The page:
over the 10-year budget window.

            HealthAndEconomy.org                                                                                        6
In its analysis of a proposal’s impact on the federal budget, H&E looks only at provisions
directly related to health insurance coverage. For proposals that repeal the ACA—such as
the Plan—there are a number of tax policy changes that are not directly related to health
insurance coverage and are thus not included in our budget impact analysis above.

UNCERTAINTY IN THE PROJECTIONS
The Center for Health and Economy uses a peer-reviewed micro-simulation model of the
health insurance market to analyze various aspects of the health care system.i As with all
economic forecasting, H&E estimates are associated with substantial uncertainty. While
the estimates provide good indication on the nation’s health care outlook, there are a wide
range of possible scenarios that can result from policy changes, and current assumptions
are unlikely to remain accurate over the course of the next ten years. For instance, the
uncertainty surrounding the implementation of the Affordable Care Act and similar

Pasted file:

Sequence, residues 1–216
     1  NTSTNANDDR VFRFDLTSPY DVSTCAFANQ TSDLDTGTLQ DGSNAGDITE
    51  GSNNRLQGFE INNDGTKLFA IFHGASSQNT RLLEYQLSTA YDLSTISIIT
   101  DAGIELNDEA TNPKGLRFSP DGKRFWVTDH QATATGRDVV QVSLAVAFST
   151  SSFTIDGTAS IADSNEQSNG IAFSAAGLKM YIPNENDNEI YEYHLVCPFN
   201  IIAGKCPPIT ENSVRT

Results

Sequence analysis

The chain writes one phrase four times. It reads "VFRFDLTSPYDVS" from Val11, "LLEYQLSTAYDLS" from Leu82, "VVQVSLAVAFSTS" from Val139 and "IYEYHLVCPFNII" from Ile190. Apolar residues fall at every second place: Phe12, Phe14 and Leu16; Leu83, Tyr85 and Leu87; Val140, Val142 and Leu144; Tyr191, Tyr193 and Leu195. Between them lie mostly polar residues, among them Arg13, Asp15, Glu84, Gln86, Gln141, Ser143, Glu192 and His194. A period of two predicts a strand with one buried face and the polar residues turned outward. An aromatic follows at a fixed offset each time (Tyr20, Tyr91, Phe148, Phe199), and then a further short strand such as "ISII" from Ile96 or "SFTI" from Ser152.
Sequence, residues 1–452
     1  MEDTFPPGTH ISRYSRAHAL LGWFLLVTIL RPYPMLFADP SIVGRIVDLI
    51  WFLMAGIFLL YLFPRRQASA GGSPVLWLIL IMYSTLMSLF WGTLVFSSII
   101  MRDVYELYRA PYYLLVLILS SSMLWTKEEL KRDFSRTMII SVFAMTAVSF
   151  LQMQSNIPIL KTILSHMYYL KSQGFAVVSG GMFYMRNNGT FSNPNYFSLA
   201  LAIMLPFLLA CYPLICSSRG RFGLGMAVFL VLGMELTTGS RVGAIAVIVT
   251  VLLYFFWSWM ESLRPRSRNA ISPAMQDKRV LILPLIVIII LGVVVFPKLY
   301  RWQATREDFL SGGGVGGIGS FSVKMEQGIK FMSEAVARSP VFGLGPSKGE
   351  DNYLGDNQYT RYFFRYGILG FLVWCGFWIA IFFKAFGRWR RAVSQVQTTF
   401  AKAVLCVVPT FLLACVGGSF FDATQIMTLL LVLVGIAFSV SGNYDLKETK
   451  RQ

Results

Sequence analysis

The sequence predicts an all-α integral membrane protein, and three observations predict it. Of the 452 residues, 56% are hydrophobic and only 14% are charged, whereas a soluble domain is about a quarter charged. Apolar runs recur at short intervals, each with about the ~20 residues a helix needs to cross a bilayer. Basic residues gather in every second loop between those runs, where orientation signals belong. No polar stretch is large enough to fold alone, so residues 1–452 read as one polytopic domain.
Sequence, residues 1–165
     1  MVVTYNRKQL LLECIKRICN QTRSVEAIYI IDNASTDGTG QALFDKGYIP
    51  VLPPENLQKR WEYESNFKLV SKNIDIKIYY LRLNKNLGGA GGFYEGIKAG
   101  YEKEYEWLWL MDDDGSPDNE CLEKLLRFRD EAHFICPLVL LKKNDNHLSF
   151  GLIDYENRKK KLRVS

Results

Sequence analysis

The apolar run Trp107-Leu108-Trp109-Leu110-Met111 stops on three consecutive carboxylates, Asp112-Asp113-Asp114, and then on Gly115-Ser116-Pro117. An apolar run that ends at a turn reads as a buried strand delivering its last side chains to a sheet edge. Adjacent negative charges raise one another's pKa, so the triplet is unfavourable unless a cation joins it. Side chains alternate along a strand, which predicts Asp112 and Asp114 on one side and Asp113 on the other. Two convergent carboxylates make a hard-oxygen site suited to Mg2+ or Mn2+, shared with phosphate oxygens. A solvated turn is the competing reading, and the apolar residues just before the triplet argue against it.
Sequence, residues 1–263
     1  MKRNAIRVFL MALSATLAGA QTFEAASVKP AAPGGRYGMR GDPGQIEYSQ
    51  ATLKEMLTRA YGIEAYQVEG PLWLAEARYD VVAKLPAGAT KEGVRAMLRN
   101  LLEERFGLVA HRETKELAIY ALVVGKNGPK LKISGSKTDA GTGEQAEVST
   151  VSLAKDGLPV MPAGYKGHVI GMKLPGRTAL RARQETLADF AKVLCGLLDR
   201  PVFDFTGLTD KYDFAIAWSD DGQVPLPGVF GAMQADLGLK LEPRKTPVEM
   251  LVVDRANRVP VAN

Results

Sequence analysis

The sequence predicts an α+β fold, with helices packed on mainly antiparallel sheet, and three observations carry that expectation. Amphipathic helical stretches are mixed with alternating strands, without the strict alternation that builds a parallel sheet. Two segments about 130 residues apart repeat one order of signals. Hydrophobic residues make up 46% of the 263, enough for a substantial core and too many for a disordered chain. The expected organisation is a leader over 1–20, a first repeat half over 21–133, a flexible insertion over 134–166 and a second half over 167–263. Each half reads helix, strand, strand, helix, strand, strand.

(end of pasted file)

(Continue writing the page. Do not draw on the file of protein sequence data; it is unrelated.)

obstacles facing the implementation of new health care overhauls affect the accuracy of
short-term coverage estimates. Importantly, this uncertainty does not lead to biased
results. H&E attempts to depict an unbiased, middle-ground representation of the future
should the policy and economic environment remain constant. While the goal is to project
the most likely scenario, actual events may differ significantly from published
predictions.

With a proposal that puts forward substantial changes there are bound to be a myriad of
uncertainties when projecting different scenarios. There are a handful of these that will be
brought up in the discussion: the magnitude of health care usage in such a system and the
complications that may bring and certain cost effects that may arise from the Plan, certain
proposals that the model is unable to score, the effects of the pay-fors that are included in
the Plan, and an alternate cost for a more generous benefit structure.

Medicare for All proposes a drastically different system that leads to many different